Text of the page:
"Here's the deal. My name is William. My family is from Pakistan. At least you got the right part of the world. However, most of us live in New Jersey, and have for some time. We're as American as the next family. This is my friend, Sheila. I met her when I moved down here in 1990, when I took a job at a local law firm. She was a legal assistant there, and we hatched this plan to go into sales because we were so sick of the lawyer scene. We had enough money after a couple of years to give our notice and come out here and enjoy life a bit. I have adopted the clothes of my ancestry and grown out my beard. Sheila is just doing it for effect. Our sales took off once we started doing that. There you go, there's our story."

Sheila nodded her head, and added her own two bits.

"I hardly ever drink, and my only experience with drugs was marijuana at Yale," she said.

Silence.

I shifted my stance on the milk crate, feeling the plastic gridwork biting through my jeans, and noted that the pair had fixed me with a glum stare.

"I like my story better. I mean, I don't think I could do much with your real stories. I made you out to be a warrior!"

They remained silent. They must have been good at the lawyering business, sweating confessions out of the enemy side.

"O.K. ... so, what's my punishment?" I asked.

William and Sheila glanced at each other, before Abdul spoke.

"You have to quit your job and give up writing, or we'll sue you for libel. You know we have the background. We'll take you for everything you're worth. If we ever see another piece written anywhere, in book, magazine, or newspaper form, you're dead meat. If we see a scrap of paper with some random sexual innuendo on it and your name on it, you're dead meat. And believe me, we're very well read. Right, partner?"

"I love to read," said Sheila.

I remained silent, mulling over the possibilities. They had me over a barrel. They didn't seem to be kidding.

"Also, I've got family all over the country, and believe me, they'll be in on this. You won't be able to go anywhere without knowing who's reading your stuff."

"I'm a writer. I don't know what else to do."

"Oh, you'll find something. You're creative enough," said William. "We'll live with the lie you created about us, but we're going to have to ask for something in return. We don't know what other lies you've written, and frankly we don't care. This is your swan song. We're going to have to ask you to give up what you know and love, and start your life over. It could be a positive experience for you."

As he spoke, a man came up to the pair, bearing a copy of my article. He held it out nervously, like some secret revealed to the world. Sheila sighed, and took the article, signing the corner of it. William did the same.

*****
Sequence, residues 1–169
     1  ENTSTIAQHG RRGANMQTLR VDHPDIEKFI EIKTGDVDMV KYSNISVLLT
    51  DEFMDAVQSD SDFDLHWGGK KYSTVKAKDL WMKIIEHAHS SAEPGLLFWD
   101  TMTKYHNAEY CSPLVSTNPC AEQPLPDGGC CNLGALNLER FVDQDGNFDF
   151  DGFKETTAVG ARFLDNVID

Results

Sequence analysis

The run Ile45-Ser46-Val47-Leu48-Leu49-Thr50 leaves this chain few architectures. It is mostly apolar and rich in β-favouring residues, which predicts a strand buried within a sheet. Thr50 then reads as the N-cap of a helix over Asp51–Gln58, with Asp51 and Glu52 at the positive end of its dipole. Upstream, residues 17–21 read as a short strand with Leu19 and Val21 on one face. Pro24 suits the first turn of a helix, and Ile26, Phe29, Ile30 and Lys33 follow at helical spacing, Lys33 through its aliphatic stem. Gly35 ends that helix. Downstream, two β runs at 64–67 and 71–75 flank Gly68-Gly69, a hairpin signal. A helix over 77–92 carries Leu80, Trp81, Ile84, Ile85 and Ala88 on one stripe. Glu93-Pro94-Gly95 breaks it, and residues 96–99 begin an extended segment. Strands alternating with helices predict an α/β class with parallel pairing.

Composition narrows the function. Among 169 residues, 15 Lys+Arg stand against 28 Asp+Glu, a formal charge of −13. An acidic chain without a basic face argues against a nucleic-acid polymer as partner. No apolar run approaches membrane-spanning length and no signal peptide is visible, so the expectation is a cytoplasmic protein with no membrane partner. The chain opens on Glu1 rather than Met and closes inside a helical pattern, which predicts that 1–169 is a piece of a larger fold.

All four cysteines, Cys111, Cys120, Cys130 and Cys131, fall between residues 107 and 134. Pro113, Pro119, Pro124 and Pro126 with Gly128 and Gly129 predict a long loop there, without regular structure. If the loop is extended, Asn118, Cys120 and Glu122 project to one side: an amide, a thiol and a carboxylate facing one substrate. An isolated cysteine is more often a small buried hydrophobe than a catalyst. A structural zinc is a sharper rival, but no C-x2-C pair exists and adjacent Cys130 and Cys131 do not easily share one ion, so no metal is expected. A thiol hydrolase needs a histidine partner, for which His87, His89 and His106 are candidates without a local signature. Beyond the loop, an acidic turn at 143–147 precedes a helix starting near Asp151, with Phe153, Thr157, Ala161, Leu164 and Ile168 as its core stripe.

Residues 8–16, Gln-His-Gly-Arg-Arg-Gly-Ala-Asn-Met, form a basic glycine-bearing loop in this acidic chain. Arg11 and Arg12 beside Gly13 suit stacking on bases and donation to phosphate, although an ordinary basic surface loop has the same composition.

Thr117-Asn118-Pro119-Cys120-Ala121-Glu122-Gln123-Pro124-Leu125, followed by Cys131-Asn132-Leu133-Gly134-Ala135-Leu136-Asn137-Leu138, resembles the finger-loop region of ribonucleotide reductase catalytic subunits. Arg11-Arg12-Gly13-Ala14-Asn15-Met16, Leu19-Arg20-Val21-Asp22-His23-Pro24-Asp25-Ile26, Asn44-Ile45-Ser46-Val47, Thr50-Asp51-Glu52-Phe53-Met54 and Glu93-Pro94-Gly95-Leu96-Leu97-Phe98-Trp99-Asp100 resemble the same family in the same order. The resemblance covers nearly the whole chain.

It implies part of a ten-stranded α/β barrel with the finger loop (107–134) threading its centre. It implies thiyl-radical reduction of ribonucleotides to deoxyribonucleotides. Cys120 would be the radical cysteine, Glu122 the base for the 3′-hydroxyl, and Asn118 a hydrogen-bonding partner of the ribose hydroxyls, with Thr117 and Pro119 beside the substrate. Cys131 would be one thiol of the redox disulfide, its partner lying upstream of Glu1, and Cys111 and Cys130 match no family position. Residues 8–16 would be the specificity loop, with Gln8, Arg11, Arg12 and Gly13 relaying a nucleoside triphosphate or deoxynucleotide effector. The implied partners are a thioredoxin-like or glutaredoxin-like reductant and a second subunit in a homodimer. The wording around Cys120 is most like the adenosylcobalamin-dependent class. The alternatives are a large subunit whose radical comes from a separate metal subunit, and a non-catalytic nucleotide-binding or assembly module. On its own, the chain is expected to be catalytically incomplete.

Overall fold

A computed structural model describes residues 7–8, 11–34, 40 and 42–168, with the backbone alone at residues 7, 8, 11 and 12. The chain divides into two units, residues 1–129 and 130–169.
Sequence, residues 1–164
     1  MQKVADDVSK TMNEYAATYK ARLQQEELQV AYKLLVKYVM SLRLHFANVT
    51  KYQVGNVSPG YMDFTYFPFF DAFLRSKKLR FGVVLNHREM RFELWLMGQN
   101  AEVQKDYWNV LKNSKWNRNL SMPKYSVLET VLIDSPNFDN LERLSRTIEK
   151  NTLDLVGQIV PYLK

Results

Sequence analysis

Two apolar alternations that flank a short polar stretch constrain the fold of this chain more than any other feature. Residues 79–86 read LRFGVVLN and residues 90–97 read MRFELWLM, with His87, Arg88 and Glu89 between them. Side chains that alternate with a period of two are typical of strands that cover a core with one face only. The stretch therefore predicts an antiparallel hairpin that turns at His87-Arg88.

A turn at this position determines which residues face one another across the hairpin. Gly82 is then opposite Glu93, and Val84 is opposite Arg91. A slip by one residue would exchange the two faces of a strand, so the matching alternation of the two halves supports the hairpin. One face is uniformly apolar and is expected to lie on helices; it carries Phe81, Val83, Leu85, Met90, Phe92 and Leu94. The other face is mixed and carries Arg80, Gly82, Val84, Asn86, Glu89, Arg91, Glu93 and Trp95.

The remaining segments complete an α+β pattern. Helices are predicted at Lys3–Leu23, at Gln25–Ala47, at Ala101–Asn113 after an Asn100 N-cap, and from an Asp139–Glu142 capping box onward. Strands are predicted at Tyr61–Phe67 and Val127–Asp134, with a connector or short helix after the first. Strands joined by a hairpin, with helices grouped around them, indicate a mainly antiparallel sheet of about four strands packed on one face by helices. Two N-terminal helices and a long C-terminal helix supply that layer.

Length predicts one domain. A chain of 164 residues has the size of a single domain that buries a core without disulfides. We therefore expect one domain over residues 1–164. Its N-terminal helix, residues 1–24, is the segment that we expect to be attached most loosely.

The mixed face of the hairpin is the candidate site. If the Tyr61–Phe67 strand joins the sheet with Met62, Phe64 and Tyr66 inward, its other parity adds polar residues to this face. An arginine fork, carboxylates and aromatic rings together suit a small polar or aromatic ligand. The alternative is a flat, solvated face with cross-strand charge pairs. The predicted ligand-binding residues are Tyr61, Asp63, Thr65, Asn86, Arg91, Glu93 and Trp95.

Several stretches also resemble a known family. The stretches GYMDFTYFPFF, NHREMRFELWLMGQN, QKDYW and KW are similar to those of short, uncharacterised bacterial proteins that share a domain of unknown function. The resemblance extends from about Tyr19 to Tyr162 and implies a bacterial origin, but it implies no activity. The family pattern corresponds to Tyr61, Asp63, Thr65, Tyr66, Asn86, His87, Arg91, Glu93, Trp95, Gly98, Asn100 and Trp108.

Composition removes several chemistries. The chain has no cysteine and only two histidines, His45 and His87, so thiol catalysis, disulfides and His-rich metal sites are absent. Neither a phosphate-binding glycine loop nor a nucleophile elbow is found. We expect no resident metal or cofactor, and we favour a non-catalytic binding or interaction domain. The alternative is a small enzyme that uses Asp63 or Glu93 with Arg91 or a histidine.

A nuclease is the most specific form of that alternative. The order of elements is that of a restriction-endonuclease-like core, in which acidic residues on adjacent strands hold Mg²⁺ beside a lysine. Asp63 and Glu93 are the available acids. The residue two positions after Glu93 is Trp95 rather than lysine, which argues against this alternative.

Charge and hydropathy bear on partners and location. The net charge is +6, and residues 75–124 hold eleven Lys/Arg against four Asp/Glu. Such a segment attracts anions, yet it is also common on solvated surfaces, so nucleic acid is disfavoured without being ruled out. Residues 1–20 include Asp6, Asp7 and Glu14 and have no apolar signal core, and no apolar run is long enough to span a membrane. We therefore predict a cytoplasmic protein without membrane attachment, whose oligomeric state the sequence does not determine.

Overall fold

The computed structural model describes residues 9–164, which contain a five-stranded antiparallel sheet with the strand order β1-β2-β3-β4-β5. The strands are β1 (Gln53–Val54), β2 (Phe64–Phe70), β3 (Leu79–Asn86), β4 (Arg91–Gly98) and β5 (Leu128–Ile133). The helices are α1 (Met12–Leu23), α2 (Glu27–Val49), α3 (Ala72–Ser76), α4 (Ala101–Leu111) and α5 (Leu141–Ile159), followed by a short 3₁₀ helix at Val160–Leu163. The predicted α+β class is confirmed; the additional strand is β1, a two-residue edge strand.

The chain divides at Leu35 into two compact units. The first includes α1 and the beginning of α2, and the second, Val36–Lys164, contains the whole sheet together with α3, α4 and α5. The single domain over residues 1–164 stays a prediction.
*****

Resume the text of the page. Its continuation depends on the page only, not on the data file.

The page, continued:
On the same corner as Sheila he had written the following: "Freedom and truth in the U.S.A. Abdul."

---

 

I've started my new life now. I'm a sales clerk in a bookshop in Seattle. I work, I talk, I've got a new girlfriend, and a job that keeps me from thinking too much. A job that at least keeps me involved in other people's writing.

I moved out of D.C. several months after I talked to William and Sheila. Well, I never really talked to Sheila.

On that day, when I left the two sitting at their metro-side stands, I didn't think I could leave my job, but the thought of getting out of D.C. and William's threats slowly sanded my resolve. It was as if a fire had swept through my house. You're sad to lose the bric-a-brac, but there's also a chance to wipe the slate clean and start over.

I walked in to my editor's office at the end of the week, and gave him my notice. I told him that I was done with writing, and that I needed to go clear my head. He wasn't happy with the situation, but didn't probe too deeply. Truth was, my writing had deteriorated over time, and he had noticed. I wasn't all that much into sitting down with people and interviewing. Lucky for the paper and for me that they never found that out. Before my Abdul article, there had been plenty of other fiction. You work at a newspaper long enough, and you know the ways around, and how to make up good quotes if you can't get any on the street. It comes with the trade. Every newspaper is a collection of half-truths and people's opinions. What is news, if it isn't viewed through some lens? There is no objectivity in a human's voice. The imperfection of humanity is as evident on a newspaper's page as it is anywhere else.

I don't mind Seattle. It pisses rain a lot, but at least it's got a life compared to D.C., with people that seem to care about doing more than just working. They get trapped in that world in D.C.


In my spare time, I mostly go to the movies, and paint.

That's my new artistic release. Painting. I paint portraits of people around the city, and I wonder at their stories. I usually have them tell me their story while I paint them. I think about how much I would like to write some of these stories, but that part of my life is done now.

Abdul and Elaine took care of that

I keep thinking that I could sneak an article in some random magazine somewhere, some small quarterly fiction piece, or some local paper, that wouldn't be seen by their eyes. But something stops me every time, and I go back to my painting, and let my art land on the canvas. In a way, that's best. In my painting, I see clear lines between the truth and fiction. I think I lost that with my writing. I had the applause of the audience, but I had lost the truth. I had lost the message of realness.

You need to be grounded in that realness or you're finished.